Although the front of house in restaurants across the country has seen significant enhancements in technology in the last few years, the systems in the back of house are still playing catch-up.
From doing the inventory to recipe storing, a lot of operators have not transitioned to digital platforms.
“Sometimes kitchen recipes are handwritten in notebooks that chefs keep in their pockets,” said chef Shawn Quaid, who managed eight restaurants at the shared kitchen Green Summit. “Sometimes recipes are dog-eared in binders or coffee-stained on clipboards hanging in the kitchens.”
No one knows this better than Nate Keller, the former executive chef at Google, who used to manage the massive kitchen operations using a spreadsheet, while ironically working at one of the biggest technology companies.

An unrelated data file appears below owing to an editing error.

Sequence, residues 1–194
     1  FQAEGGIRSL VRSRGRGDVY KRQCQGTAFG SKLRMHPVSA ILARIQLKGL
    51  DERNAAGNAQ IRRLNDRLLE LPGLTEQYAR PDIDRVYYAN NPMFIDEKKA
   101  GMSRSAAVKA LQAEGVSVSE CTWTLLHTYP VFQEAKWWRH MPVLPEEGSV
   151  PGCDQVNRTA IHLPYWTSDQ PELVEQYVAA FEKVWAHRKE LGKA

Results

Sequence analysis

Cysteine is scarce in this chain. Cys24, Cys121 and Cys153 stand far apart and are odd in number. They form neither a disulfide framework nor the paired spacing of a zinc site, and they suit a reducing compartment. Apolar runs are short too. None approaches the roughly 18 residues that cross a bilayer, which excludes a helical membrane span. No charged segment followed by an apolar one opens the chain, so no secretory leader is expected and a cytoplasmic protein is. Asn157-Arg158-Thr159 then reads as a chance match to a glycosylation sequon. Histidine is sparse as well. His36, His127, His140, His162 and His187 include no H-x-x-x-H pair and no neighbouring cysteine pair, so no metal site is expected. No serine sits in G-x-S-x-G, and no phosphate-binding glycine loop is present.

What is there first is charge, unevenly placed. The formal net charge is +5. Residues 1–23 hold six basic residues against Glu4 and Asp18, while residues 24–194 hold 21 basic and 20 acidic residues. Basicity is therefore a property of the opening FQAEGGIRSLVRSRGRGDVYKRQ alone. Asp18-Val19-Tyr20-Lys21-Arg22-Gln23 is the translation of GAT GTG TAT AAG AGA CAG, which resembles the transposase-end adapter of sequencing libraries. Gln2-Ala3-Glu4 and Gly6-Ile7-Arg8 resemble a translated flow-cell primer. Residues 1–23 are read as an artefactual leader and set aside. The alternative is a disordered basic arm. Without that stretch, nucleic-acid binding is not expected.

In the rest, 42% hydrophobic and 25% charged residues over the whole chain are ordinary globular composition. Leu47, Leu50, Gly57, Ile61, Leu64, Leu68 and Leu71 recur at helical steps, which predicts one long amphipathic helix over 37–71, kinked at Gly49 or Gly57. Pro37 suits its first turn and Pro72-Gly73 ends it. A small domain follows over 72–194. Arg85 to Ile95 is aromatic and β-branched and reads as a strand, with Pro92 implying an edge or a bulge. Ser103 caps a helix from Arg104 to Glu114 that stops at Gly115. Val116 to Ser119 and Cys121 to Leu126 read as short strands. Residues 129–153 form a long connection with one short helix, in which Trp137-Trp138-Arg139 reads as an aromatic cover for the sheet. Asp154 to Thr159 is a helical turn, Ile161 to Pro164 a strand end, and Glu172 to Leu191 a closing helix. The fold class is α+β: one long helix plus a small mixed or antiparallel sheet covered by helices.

With that being said, there is potential for tech start-ups to emerge in this space and become the next Uber Eats and to also help streamline back of house operations.
"It’s an opportunity for San Diego tech startup Galley, which is building software to power the back-of-house kitchens, corporate food and a new wave of “virtual” eateries. And they’ve got the help of ex-Googler Keller on their advisory board," writes "The San Diego Union-Tribune."
Keller, who originally co-founded the on-demand delivery company Sprig, has partnered with Galley's mastermind Benji Koltai, a programmer who also worked on the software for Sprig, to start a new venture.
Galley allows users to store recipes, assign them to groups for menus, and export them into shopping lists. The software can also be used for creating inventories and keeping track of inventory costs.
Both Koltai and Keller believe they have a solution that many kitchens desperately need.
“Kitchen software ... it’s not a sexy topic in the tech world,” said Keller. “But it’s a real problem that can be solved.”
Read more about the start-up Galley at "The San Diego Union-Tribune” now.